A QSE's Employment equity score is calculated in terms of the number of 'black' employees as a percentage of all employees. The QSE scorecard looks at two categories of employees, namely management and non-management and the score is based on goals below. (Large enterprises look only at employees in management positions to calculate their employment equity score in terms of code 300.)

Note: Any Black Top Management Employees that are counted for the management & control score cannot be included in the calculation of the employment equity (statement 803) score.

Element Weighting Goal
Black Management* 15 40%
Black Employees* 10 60%
Bonus Points
Exceeding Targets 2
  • Both Targets are calculated using adjusted recognition for gender. This calculation takes place as follows:

Total Black Employees/2 + Black Female employees

E.G.: I have 5 employees, 4 black (3 male; 1 female) & 1 White Male.
My calculation is as follows:

4/2+1= 3, so 3/5 = 60% which is my measured goal

Statement 804: Skills Development[edit]

A QSE's Skills Development score is calculated based on the enterprises spend benefiting 'black' employees on qualifying skills training using adjusted recognition for gender (see above). The goal is that an enterprise should spend 2% of the leviable amount as defined by the skills development levies act of 1999. This is essentially the gross salaries and wages.

Element Weighting Goal
Skills Spend 25 2% of Gross Salaries & Wages

Statement 805: Preferential Procurement[edit]

The Preferential Procurement score is calculated by working out the recognised BEE procurement spent as a percentage of total procurement spent. To do this an enterprise must collect all the BEE certificates of their suppliers to find out what recognition each of the suppliers offers.[4]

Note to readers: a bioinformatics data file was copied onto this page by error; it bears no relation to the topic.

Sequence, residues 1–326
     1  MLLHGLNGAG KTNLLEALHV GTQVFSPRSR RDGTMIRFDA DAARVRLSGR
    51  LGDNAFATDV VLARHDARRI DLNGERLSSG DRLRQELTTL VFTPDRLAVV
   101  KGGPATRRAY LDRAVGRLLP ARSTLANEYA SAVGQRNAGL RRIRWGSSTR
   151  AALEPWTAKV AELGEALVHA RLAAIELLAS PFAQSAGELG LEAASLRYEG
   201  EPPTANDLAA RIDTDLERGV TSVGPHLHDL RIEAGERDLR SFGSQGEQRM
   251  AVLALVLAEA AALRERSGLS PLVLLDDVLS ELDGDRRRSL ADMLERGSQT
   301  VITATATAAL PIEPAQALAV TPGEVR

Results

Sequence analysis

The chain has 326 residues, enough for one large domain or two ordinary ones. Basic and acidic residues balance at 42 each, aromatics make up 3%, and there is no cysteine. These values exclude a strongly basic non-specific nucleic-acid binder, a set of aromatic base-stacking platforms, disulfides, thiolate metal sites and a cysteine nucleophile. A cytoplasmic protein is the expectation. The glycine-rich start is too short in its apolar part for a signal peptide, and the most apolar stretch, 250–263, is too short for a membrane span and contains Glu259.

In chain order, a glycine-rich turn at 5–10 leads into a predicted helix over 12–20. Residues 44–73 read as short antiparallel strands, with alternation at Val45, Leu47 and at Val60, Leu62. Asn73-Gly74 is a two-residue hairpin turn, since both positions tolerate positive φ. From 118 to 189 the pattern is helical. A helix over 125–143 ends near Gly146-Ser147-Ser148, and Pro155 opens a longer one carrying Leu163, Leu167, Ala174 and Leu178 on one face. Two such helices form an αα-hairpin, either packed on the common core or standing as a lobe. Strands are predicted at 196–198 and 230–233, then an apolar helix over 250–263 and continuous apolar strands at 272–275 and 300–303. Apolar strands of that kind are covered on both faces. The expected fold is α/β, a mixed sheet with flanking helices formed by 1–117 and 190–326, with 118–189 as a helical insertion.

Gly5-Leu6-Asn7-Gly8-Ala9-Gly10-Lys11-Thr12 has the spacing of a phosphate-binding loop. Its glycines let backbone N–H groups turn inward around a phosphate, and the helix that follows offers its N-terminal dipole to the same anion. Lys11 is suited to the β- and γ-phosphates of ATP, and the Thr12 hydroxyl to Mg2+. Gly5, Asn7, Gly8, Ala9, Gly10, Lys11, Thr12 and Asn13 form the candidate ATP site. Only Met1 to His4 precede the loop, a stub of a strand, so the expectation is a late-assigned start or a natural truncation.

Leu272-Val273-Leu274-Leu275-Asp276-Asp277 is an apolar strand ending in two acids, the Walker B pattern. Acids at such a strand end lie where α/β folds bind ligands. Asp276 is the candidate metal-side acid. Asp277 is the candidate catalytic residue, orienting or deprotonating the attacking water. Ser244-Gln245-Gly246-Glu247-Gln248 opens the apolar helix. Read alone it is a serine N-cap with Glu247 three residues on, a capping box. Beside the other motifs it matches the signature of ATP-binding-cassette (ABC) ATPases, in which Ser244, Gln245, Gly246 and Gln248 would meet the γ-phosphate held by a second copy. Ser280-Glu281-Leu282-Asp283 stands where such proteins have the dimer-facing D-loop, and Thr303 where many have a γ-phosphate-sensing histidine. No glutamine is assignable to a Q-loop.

Each supplier should have a certificate which indicates its B-BBEE recognition on it. If a supplier does not have a certificate it is assumed that the supplier offers a 0% recognition.

Preferential Procurement Goal

Element Weighting Goal
Recognized Procurement 25 40%

EXAMPLE: If I have 5 Suppliers and I spend R100 on each of them

Supplier Certificate Level B-BBEE Recognition Recognized Spend
Supplier 1 3 110% R110
Supplier 2 no Certificate 0% R0
Supplier 3 4 100% R100
Supplier 4 6 60% R60
Supplier 5 8 10% R10
Total R280

In this example measured entity can recognise R280 worth of my R500 spent, thus 56% of my procurement spent is recognised and they will receive full points for the element.

Statement 806: Enterprise Development[edit]

The QSE Enterprise Development score is calculated in terms of contribution towards enterprise development activities. These are contributions aimed at facilitating the sustainable growth or establishment of new "black owned" enterprises. The goal is that a measured entity spend 2% of its Net Profit After Tax (NPAT) on enterprise development activities.

Element Weighting Goal
Enterprise Development Spend 25 2% of NPAT*
  • NPAT = Net Profit After Tax

Statement 807: Socio-Economic Development[edit]

The QSE Socio-Economic Development score is calculated in terms of contribution towards socio-economic development activities. These are contributions aimed at creating sustainable access to the economy for historically disadvantaged South Africans. The goal is that a measured entity spend 1% of its Net Profit After Tax (NPAT) on enterprise development activities.

Element Weighting Goal
Socio-Economic Development Spend 25 1% of NPAT*
  • NPAT = Net Profit After Tax

BEE Strategy for QSEs[edit]

For a QSE, complying with BEE can create substantial competitive advantage and thus have a very positive effect on the business. This competitive advantage is routed in preferential procurement because large businesses have to spend 10% of their total recognised procurement on businesses with a turnover of less than R35 million.

In addition, it is relatively easy for QSEs to achieve a good BEE score (irrespective of the % black ownership) because they need only measure their 4 best elements.

References[edit]